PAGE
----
Tag Archives: Soups

Coconut Corn Soup

3-bowlsGetting dressed in September is tricky business. I’m longing to pull on my over-the-knee suede boots and let the sweater layering begin, but it’s still too warm to fully embrace fall. Transitioning from summer to fall requires a skilled hand in the kitchen as well as the closet.

This month, the markets are still full of fresh corn, but I’m craving something a little heartier than corn on the cob or corn salad. This soup perfectly bridges the gap between summer and fall. The recipe for this soup comes from epicurious.com. Food editor Anna Stockwell intended this to be a pureed chilled soup for the dog days of summer. I decided to transition her recipe to fall by serving it hot. I added a large diced jalapeño to give the soup a little moxie and only pureed half the soup so that it was still chunky.sauteeing-onions-and-spicesGrated ginger adds a welcome zing and turmeric makes the soup a very vibrant yellow. Save the corn cobs and add them to the simmering soup. They really bump up the corn flavour. Coconut milk makes a splendid replacement for  chicken stock in this soup. adding-cobsAvocado, lime and toasted coconut flakes are beautiful and delicious garnishes. I can’t think of a lovelier way to ease into fall.pot-of-soup


Click here to print recipe for coconut-corn-soup.


Kale, Chicken Sausage and White Bean Soup

ready to eat 2 625 sqIf you keep up on these things, you may know that one of the hottest “it” foods in 2013 was kale. I realize that we are already a month into 2014 now, so forgive me if I’m just a little late to the party.

Dubbed the “Queen of Greens”, Kale has a ton of health benefits. Low in calories, high in fibre and anti-oxidant rich, kale contains calcium, potassium and vitamins A, C and K. Research shows it helps fight age-related diseases too!

Last year I read about The Kale Effect  (TKE). Defined as an “immediate, and observable, autonomic nervous system response to the absorption of the vitamins and minerals in nutrient rich kale.  Symptoms may include uncontrollable smiling, laughing, and jumping up and down in the kitchen.”

I wanted in on “The Kale Effect” in the worst way possible. I mean who wouldn’t? I suspected the only way kale was going to make me laugh uncontrollably was if I chopped it finely, rolled it in paper and smoked it. But I was game to give kale a chance.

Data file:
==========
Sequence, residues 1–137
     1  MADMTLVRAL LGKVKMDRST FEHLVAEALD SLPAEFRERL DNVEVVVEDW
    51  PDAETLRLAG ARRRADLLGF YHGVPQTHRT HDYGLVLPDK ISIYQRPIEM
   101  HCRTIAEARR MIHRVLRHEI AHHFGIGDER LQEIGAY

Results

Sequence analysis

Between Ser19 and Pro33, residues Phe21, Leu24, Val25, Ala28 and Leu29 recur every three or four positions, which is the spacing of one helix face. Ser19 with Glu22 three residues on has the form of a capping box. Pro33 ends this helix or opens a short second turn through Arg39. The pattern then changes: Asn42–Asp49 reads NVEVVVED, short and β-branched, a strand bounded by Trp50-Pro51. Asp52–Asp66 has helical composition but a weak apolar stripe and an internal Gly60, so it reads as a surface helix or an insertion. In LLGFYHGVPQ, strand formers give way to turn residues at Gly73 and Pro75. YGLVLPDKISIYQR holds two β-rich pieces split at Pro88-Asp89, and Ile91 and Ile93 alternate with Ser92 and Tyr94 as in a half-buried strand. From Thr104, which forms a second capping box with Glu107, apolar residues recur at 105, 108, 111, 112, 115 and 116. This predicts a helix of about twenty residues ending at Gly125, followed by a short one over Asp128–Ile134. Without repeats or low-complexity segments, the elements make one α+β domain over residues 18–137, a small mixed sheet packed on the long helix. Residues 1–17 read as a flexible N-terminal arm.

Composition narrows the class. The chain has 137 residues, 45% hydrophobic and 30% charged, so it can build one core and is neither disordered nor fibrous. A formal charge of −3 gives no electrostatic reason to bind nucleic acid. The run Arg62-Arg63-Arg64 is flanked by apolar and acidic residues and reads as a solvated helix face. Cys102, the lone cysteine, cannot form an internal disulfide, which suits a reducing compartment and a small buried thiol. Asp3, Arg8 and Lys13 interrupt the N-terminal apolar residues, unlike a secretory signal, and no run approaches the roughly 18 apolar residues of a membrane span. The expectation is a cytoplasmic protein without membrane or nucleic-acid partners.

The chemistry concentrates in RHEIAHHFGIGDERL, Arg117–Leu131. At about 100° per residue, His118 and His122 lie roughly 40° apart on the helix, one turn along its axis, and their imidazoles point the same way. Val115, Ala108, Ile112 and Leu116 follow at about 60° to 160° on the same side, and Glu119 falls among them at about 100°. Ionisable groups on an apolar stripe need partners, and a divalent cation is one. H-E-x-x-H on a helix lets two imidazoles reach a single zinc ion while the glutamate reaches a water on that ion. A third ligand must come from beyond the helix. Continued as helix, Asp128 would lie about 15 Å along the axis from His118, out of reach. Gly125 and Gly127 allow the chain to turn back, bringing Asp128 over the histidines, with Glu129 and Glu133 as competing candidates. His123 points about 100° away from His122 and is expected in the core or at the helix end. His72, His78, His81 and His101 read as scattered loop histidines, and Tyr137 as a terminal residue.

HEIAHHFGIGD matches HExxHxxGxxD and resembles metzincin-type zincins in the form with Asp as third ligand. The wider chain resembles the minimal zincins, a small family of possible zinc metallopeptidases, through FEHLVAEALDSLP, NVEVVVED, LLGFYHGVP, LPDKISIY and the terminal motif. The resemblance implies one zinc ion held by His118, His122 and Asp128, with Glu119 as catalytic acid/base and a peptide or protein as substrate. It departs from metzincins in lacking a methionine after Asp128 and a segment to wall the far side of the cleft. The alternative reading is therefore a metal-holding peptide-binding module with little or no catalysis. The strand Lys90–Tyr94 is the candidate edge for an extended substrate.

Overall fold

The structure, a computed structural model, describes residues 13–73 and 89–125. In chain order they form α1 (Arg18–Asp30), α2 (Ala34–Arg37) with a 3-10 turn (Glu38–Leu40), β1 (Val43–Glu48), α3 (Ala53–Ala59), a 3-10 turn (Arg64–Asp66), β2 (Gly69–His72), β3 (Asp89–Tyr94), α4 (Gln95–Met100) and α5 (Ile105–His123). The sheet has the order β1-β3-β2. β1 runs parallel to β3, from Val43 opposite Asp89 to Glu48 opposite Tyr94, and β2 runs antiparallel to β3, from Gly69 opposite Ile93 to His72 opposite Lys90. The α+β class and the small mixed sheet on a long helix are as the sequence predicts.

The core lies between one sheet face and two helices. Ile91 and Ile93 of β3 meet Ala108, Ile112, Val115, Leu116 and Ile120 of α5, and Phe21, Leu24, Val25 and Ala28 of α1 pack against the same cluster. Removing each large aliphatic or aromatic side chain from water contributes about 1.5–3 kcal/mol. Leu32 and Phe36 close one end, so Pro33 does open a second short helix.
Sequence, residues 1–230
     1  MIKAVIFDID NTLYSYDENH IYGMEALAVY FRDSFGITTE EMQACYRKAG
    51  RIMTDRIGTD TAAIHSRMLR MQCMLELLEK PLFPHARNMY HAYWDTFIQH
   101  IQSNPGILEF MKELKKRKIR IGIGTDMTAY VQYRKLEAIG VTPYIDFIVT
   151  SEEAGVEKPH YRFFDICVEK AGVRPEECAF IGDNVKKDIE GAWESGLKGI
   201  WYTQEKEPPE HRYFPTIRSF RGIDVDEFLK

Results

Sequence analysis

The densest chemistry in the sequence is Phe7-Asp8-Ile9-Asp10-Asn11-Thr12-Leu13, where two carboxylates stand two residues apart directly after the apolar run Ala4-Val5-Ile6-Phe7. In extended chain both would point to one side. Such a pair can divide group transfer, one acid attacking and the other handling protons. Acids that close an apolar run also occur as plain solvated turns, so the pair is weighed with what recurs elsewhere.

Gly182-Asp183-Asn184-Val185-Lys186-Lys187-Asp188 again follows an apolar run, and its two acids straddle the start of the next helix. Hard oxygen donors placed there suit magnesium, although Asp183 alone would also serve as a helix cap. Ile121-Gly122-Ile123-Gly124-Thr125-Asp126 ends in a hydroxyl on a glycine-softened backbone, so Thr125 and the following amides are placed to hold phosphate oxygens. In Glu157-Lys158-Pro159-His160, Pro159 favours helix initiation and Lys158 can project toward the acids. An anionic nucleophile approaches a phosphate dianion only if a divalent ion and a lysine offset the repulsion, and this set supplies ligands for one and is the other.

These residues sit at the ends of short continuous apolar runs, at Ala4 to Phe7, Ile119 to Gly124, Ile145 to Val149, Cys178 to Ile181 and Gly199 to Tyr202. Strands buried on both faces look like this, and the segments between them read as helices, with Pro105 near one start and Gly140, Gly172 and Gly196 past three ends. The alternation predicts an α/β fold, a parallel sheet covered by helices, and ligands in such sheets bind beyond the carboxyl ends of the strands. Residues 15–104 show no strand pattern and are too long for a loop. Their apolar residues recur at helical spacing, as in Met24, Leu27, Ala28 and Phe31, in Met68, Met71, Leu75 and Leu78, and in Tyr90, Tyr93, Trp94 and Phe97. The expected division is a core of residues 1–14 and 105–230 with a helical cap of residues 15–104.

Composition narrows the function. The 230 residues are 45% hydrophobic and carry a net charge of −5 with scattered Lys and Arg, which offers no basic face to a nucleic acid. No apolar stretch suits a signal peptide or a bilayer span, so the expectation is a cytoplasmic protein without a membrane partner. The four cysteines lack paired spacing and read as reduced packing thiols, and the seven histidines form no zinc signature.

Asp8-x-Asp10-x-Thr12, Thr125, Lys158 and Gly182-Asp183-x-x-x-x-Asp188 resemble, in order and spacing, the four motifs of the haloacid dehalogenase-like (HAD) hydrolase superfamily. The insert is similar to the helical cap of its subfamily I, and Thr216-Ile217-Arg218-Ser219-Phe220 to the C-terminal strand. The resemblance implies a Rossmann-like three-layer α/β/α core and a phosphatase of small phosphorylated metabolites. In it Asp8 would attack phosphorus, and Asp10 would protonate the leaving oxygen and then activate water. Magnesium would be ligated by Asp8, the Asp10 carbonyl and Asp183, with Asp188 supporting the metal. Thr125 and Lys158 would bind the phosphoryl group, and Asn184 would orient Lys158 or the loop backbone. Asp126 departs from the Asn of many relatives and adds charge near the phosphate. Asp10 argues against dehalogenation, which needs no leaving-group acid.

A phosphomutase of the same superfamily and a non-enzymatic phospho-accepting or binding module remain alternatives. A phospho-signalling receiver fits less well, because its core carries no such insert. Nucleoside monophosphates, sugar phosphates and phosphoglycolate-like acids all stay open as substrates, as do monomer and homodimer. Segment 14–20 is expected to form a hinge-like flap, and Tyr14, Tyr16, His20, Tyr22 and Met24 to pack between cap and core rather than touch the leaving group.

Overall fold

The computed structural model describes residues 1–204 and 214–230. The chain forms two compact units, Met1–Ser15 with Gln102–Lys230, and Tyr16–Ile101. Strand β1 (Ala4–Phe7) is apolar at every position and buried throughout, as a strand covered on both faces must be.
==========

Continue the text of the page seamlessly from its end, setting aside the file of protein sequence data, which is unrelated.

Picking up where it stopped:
I spent quite a bit of time last year trying to like kale. Everyone gushed about kale chips. They said that eating these would make any craving for potato chips vanish. They said that kale chips were just as satisfying as potato chips. They were wrong! Kale chips taste like crispy seaweed that turns to dust in your mouth.

Then I moved onto raw chopped kale in a salad with apples and walnuts. Swallowing that raw kale felt like someone was trying to scratch the inside of my throat.  Then I heard that you should massage your kale first, before eating it. Apparently massaging it breaks down the cellulose structure and raw kale goes from bitter and tough to silky and sweet. I never did try the rubdown. I have my limits. I mean, good lord, what’s next, a mani and pedi for your Brussels sprouts?

I worked my way through kale and onion pie, sautéed kale with olive oil, garlic and red pepper flakes, stir fried kale, smoked kale and braised kale with cabbage and balsamic vinegar. None of these were terribly awful (except for the smoked kale), but I certainly did not want to make any of them for a second time.

But damn, I wanted to get in on The Kale Effect. When would I begin smiling and laughing uncontrollably? It seems that the key to kale love, for me, was to combine it with lots of other ingredients so that it became filler and not the star of the show. That way you have lots of other delicious ingredients and still get all the benefits of kale.

The two main types of kale you are likely to encounter in the grocery store are curly kale, which is quite pungent, dinosaur or black kale, (also called calvolo nero) which is sweet and delicate in flavour.
curly-kale 2Fdinosaur kaleFTry this kale soup and soon, you too, may begin smiling and laughing uncontrollably and jumping up and down in your kitchen!prepI adapted a similar recipe for Sausage and Kale Soup with Black Eyed Peas from Serious Eats. I decided to lighten mine up a bit and I used spicy chicken sausages instead of traditional pork sausages. I also opted for canned white beans instead of soaking my own black eyed peas.sauteeing chicken sausagesimmering soupThe chopped kale gets added during the last 10 minutes of cooking. Just enough time to wilt and soften it. Before the kale is added, about a quarter of the soup is pureed in the blenderblenderThe finished soup gets a final garnish of freshly grated lemon zest, chopped fresh rosemary and a shaving of Parmesan Reggiano cheese.